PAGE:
In an internet article “Gun Violence Prevention In South Africa” it states that the 2015/16 National Murder Study released at the time of the annual crime statistics shows that 16 people were shot and killed every day, just under 6000 people a year. This is a significant reduction in gun deaths, from 1998, when 12,298 people were shot and killed, averaging 34 people a day.
Out of the 18,615 murders during this period, guns accounted for 32.1%. This is below the global average – according to the United Nations, 41% of murders globally are committed with a firearm. However, this wasn’t always the case; 41.5% of all reported murders in South Africa in 1994 were committed with a firearm, increasing to 49.4% in 1998.
The reason for the decline in gun deaths is SA’s Firearms Control Act (2000). Research published in the American Journal of Public Health (2014) shows that over 4,500 lives were saved in Cape Town, Durban, Johannesburg, Port Elizabeth, and Pretoria from 2001 to 2005 because of the Firearms Control Act
In another online post “Gun-Free SA: South Africa Is Battling A Surge In Firearm-Related Deaths” it mentions that there were 7,351 murders committed with firearms – which include pistols, revolvers, high-caliber and homemade guns – between April 2019 and March this year
On 02 December 2018, as I (Bridgette) switched off the light and laid my head on the pillow there was a loud bang after which another two followed. I got up in shock as I dashed to turn the light on and open the door.
On exiting my abode, I saw the assailant flee, and then suddenly heard my oldest daughter, Shandre’s terrifying scream. I darted back inside towards the bunk which she shared with her 10-year-old baby sister (Charlize). Charlize had her head buried in between Shandre’s thighs and Shandre’ said, “Mommy, he stabbed me through the window”. When I looked at the window and noticed a hole in the curtain, my eyes immediately fell on my 23-year-old daughter’s chest which was covered in blood. I will never forget that fatal morning that turned the fate of my beautiful 23-year-old daughter who was six weeks pregnant. She was shot three times through the window.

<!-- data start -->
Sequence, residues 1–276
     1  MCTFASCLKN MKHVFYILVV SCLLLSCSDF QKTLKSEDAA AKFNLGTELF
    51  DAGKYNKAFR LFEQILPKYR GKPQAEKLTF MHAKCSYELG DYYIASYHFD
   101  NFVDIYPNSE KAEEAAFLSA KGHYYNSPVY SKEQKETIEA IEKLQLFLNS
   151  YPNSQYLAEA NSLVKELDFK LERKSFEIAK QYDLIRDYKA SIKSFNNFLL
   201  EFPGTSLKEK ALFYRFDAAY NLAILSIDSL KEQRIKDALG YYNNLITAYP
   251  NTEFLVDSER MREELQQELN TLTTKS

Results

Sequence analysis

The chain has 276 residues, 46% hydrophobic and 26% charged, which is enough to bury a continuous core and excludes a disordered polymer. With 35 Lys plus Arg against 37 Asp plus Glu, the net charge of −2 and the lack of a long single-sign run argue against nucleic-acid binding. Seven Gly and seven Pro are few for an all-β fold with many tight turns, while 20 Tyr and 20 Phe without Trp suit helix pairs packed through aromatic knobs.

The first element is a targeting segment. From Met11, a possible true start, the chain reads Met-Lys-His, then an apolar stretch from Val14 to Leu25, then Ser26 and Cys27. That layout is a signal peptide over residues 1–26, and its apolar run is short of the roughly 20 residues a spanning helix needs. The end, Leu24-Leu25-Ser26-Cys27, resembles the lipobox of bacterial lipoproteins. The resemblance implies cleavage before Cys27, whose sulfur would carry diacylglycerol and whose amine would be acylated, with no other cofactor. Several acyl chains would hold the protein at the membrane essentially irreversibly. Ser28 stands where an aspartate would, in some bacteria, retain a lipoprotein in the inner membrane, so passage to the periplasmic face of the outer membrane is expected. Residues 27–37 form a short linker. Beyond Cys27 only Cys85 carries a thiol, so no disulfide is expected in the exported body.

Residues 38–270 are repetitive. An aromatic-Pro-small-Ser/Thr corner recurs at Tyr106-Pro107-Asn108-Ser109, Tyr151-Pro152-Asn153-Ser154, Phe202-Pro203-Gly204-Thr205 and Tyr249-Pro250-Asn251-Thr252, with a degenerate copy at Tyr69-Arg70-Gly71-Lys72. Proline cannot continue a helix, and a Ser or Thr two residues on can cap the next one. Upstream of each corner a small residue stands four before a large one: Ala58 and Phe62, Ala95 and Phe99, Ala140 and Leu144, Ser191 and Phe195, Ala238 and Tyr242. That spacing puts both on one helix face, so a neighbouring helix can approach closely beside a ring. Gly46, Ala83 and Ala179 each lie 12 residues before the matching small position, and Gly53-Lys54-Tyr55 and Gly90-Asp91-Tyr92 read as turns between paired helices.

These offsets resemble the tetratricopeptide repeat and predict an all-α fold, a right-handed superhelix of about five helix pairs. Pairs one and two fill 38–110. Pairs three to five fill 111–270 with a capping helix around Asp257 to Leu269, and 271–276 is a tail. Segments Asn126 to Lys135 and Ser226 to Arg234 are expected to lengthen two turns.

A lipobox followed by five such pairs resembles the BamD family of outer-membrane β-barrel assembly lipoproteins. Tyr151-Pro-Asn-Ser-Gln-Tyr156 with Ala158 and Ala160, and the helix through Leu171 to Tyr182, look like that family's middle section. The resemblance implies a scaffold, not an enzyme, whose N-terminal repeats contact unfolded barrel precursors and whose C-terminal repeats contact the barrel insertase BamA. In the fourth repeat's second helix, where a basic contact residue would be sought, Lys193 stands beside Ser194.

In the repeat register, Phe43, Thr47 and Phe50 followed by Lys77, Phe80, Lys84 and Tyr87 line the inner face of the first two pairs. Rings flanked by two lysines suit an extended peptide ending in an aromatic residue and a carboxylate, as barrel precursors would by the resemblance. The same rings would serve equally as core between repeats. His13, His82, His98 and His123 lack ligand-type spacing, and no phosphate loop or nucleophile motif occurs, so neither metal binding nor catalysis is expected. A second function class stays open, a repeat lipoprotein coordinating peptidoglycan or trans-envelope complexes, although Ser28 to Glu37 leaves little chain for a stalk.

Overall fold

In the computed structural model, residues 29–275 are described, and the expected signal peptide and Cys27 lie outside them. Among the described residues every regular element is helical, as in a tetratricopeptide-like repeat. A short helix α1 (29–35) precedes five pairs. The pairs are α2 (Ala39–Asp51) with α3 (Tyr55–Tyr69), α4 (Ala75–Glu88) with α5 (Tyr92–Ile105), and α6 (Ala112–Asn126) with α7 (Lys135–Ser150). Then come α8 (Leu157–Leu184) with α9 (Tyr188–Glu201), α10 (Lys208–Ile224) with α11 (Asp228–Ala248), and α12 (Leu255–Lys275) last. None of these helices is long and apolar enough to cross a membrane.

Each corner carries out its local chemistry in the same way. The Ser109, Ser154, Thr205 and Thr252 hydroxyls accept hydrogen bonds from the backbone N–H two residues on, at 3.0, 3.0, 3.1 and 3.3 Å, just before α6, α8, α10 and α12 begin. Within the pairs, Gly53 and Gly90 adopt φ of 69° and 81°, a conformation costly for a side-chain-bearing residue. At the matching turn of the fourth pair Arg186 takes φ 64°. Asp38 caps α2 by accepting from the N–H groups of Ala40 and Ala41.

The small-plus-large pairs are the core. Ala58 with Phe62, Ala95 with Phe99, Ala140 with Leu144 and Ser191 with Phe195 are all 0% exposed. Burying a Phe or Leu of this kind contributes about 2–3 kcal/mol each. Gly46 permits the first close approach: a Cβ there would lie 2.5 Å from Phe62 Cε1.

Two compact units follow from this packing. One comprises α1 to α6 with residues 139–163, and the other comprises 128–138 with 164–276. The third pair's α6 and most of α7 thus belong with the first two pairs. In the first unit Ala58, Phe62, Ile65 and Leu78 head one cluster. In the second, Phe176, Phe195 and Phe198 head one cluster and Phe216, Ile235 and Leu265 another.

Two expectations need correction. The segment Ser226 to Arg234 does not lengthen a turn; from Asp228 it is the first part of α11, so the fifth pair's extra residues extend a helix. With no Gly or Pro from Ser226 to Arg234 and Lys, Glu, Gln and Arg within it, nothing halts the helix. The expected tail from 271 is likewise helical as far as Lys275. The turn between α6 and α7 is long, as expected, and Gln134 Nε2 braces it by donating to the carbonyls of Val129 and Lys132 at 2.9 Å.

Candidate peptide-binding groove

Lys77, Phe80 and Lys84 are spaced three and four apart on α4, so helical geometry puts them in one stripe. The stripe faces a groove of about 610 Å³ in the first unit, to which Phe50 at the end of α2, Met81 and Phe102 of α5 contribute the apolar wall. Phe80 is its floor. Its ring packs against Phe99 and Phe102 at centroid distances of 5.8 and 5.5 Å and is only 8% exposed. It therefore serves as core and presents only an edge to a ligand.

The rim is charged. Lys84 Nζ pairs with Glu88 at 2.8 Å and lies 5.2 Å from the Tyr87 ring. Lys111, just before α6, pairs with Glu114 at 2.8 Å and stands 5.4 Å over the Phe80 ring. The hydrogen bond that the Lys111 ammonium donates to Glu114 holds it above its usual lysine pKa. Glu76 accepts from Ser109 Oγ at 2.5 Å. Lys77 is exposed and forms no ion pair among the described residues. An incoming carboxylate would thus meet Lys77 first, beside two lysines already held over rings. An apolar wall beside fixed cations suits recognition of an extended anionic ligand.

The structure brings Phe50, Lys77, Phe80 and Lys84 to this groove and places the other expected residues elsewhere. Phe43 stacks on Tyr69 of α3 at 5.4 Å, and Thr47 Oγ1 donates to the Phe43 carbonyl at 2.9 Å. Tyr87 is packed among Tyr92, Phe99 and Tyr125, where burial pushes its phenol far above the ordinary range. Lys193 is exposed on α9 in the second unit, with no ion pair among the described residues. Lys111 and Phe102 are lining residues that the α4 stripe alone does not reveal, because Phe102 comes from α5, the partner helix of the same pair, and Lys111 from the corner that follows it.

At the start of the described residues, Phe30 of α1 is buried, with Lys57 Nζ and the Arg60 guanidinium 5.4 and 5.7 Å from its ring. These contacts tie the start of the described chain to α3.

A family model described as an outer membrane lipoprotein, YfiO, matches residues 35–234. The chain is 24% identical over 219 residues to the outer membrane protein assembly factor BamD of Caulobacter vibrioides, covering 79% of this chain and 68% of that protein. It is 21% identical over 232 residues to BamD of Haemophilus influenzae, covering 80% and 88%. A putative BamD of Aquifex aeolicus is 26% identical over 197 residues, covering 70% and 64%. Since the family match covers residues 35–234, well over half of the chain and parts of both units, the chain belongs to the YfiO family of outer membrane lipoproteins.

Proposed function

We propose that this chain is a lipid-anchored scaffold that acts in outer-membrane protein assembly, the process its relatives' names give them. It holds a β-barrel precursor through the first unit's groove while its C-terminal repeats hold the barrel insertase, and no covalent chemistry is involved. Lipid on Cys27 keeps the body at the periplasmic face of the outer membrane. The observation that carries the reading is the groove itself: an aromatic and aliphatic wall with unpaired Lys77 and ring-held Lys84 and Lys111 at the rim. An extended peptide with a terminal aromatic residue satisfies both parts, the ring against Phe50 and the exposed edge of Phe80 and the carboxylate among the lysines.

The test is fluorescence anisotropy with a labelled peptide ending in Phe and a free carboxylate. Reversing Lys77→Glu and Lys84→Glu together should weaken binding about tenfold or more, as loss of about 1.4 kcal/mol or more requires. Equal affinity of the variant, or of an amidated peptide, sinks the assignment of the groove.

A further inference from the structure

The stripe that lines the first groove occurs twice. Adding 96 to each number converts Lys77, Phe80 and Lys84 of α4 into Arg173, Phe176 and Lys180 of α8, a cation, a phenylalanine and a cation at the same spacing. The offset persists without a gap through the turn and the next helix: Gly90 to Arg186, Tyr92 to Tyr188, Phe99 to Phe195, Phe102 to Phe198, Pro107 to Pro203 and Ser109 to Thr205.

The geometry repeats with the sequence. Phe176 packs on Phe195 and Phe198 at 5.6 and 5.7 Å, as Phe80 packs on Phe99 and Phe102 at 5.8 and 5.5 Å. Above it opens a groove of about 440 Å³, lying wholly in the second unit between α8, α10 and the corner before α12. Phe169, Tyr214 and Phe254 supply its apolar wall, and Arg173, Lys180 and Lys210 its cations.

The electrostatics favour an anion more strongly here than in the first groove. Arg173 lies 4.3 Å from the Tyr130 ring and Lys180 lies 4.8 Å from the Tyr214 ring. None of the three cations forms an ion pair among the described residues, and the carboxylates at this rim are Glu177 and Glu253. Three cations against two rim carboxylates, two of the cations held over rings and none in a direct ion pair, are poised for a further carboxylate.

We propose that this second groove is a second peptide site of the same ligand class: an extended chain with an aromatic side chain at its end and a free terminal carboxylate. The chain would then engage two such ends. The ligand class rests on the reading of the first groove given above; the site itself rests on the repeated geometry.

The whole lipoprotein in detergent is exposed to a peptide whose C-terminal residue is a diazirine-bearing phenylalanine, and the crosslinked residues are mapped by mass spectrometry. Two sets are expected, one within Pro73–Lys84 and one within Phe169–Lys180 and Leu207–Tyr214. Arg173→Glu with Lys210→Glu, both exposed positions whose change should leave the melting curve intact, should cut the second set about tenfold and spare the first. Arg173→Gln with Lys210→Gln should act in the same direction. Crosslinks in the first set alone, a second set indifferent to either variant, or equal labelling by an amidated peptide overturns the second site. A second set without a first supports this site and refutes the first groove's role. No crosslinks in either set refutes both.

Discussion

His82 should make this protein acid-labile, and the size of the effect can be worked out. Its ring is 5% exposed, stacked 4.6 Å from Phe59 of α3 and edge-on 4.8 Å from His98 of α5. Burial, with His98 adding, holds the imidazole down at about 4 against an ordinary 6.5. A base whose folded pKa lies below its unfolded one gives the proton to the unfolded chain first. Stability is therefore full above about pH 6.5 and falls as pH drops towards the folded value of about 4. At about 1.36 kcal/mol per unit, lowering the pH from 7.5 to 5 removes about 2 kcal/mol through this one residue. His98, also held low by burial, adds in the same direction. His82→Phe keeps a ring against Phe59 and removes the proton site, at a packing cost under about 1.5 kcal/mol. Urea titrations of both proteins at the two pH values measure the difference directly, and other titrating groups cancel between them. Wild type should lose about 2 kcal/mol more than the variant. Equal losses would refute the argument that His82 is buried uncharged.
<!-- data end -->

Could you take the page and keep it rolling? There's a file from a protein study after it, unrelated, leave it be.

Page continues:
Gun residue had to be removed from her stomach but she was determined to keep the baby although doctors were skeptical, Doctors discontinued giving her morphine shortly after the operation in order to prevent harm to the unborn baby while she endured excruciating pain. I could not help but cry secretly when I saw my daughter in such agonizing pain. As her mom, I would have considered trading places with her if I could. Shandre’ recovered by beating all odds and miraculously the baby and her survived. She was discharged from the hospital two months later, with one bullet still lodged in her arm, because doctors believed that removing the bullet could put the baby at further risk.
The following months revolved around me sponge bathing her, dressing her wounds, and helping her to the toilet. She recovered remarkably well. The bullet in her arm was removed when her baby was six months old. She could only breastfeed with one of her breasts because the other breast was damaged due to the exit wound of a bullet. She, however, had psychological issues due to the shooting such as nightmares, flashbacks, avoidance, and thoughts of the incident. When she complained of insomnia, I advised her to make an appointment for a consultation with an old family doctor and psychiatrist, who referred her to the psychiatrist at the clinic. Adding to her stress-related issues was the sad fact of the court trial being continuously postponed. Sorrowfully, on the 2nd of August, my daughter committed suicide leaving her 1-year-old baby motherless.
The pain that I feel is unbearable. She has left a void within me because a part of me has gone with her. Her absence and departure leave me lonely at a time when I need her most during the court trial and the raising of her daughter. The case is still pending and I pray that justice is served accordingly and soon.
To be continued…